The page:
Dublin

Kissing Gates in Dublin: Access to Information on the Environment

In August 2021, I sent a request under the Access to Information on the Environment (AIE) Regulations to five public bodies:

  • Dublin City Council (DCC)
  • South Dublin County Council (SDCC)
  • Dún Laoghaire-Rathdown Council (DLR)
  • Fingal County Council (FCC)
  • Office of Public Works (OPW)
  • Waterways Ireland (WI)

AIE Requests are similar in some ways to Freedom of Information (FOI) Requests, but there are crucial differences: while FOI exists under Irish legislation, AIE arises from EU legislation. Therefore, the Irish State is bound by EU obligations in respect of AIE; however, the government of the day can amend FOI legislation, as it has in the past and proposes to do so again. There are also differences in the public bodies which are covered by AIE and FOI, with more bodies subject to the AIE Regulations. On the other hand, FOI legislation may capture more kinds of records held by public bodies, above and beyond environmental information.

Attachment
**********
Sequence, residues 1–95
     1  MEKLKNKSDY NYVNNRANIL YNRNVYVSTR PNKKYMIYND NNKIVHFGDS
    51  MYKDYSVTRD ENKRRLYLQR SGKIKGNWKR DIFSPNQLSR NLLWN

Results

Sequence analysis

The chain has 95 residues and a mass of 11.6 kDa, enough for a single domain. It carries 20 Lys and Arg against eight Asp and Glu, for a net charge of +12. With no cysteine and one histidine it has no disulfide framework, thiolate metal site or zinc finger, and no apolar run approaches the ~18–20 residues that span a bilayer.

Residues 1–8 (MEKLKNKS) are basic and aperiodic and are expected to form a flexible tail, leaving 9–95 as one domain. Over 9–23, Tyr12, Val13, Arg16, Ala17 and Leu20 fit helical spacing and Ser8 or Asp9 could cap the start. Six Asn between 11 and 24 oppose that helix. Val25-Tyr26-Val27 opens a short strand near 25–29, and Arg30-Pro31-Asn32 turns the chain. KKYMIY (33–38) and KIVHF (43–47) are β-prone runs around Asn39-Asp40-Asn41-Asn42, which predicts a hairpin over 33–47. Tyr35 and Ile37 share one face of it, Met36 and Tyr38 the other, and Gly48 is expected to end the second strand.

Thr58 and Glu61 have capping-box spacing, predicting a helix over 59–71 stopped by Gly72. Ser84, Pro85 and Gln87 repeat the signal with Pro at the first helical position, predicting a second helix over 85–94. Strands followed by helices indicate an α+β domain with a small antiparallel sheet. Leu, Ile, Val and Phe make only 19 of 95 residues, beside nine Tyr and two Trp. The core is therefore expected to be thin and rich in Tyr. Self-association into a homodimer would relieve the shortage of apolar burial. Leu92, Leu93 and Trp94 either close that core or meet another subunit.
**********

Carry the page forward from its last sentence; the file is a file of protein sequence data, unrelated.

I sent the below request to each of the public bodies. The replies and responses I’ve received have been.. diverse.

I am making the following request under Access to Information on the Environment (AIE) Regulations.

Please provide information with details of all barriers/gates on pedestrian routes within the [Council/Dublin] area, including: on roads, paths, lanes, at any pedestrian entry and exit points to parks, and at any locations within within parks.

This requested information to be broken down by location and by type of barrier/gate – the requested information to include, but not be limited to:

Gates
– ‘Kissing gates’